NAIROBI  (AFP) – A British man was killed and his wife kidnapped in an attack at a luxury beach resort in northern Kenya by suspected Somali Islamist extremists, officials said Sunday.

The attack took place overnight Saturday at a tourist lodge in the Kiunga marine reserve on the Lamu archipelago off Kenya’s northern coast, a Kenyan police official said.

He said officers had launched a massive manhunt for the abductors, using speedboats and helicopters, and police suspected the attackers were Shebab extremists from Somalia.

“We have launched a massive security operation but we are experiencing difficulties because they might have escaped using a speedboat,” said the official who declined to give his name.

“We suspect it involves the Shebab.”

A spokesman for Britain’s Foreign Office said that “two British citizens were attacked at a beach resort north of Lamu near the Kenya, Somalia border. One was killed and another was kidnapped.”

A British government source confirmed it was a man who was killed and his wife abducted.

Kenyan police chief Mathew Iteere said the couple, who had arrived at the resort during the day Saturday, were attacked in their room around midnight.

They were the resort’s only guests at the time.

“There was only one shot, I think the husband resisted from what we gather — maybe they wanted to take the two, but he resisted,” said Iteere.

The complex had been well protected by six police and 22 private guards, he said, yet the cottages “do not even have a door — just cloth as the door — so they gained entry so easily.”

The police chief declined to speculate on who was responsible, saying: “I think today is a special day because it is the anniversary of September 11 … but we are treating it as a bandit attack.”

The Foreign Office said British officials were investigating the case alongside their Kenyan counterparts.

“We are working to secure the safe and swift release of the British national who has been kidnapped and ask those involved to show compassion and release the individual immediately,” it said.

The Lamu island chain and the surrounding area is one of Kenya’s top luxury holiday destinations, despite being close to the border with war-torn Somalia.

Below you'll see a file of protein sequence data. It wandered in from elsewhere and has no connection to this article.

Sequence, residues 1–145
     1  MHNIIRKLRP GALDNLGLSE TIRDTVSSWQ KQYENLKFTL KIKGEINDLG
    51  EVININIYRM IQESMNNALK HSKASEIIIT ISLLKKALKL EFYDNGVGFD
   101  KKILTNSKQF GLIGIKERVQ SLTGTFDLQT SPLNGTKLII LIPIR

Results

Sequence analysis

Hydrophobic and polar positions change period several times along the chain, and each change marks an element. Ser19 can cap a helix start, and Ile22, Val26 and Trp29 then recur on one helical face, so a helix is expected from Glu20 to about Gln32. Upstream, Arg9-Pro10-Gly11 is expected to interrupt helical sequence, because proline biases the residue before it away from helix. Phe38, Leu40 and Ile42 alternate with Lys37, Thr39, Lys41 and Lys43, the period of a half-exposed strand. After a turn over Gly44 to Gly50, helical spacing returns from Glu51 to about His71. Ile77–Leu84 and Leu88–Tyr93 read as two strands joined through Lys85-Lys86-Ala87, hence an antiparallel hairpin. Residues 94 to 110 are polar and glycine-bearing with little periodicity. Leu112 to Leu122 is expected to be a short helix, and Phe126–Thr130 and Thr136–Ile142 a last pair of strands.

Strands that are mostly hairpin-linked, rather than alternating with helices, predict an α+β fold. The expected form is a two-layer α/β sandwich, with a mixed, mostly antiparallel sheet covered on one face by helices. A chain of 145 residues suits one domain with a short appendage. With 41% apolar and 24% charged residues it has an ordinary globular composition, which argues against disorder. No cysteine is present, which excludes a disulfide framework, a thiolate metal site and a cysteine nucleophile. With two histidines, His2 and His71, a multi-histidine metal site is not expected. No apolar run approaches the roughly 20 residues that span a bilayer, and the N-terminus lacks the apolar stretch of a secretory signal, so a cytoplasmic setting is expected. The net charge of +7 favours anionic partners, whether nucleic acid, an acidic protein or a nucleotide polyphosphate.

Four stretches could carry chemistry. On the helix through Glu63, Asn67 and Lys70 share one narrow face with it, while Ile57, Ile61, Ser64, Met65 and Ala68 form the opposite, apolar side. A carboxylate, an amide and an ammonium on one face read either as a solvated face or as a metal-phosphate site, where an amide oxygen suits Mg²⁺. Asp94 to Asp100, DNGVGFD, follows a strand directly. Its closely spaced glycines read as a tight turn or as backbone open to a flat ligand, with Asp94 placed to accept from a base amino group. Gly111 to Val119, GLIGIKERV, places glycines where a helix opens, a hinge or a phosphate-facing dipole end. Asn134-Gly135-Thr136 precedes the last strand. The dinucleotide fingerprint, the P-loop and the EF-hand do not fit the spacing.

Most of southern Somalia is controlled by the Shebab, who are waging an insurgency against Somalia’s fragile, Western-backed government.

Security sources in southern Somalia said the Shebab had launched attacks on government bases in the town of Elwak close to the Kenyan border and that fierce fighting was under way Sunday.

Pirates also operate in the waters off Somalia, frequently seizing crew from merchant ships and pleasure craft although tourist resorts have not previously been targeted.

Advice posted on the Foreign Office website advised Britons against going within 30 miles (50 kilometres) of the Kenya-Somalia border.

It states: “There have been previous attacks by Somali militia into Kenya.

“Three aid workers were kidnapped in July 2009, and two Western nuns in November 2008.”

Despite the dangers, the region is a favourite with tourists and has been frequented by celebrities.

British artist Tracey Emin visited the area, and wrote of it in the Times newspaper in 2008: “There’s a tiny little spot in Kenya called Kiwayu, near the Somalian border, which has to be one of my favourite places on earth.

“It’s so tranquil.”

Kenya attracts large numbers of tourists with its beautiful beaches and safaris. Tourist arrivals hit a record 1.1 million in 2010, according to Tourism Minister Najib Balala.

Nevertheless, northern Kenya is insecure due to its proximity to Somalia, endemic poverty, a lack of infrastructure and small numbers of police which are unable to keep watch over a huge area.

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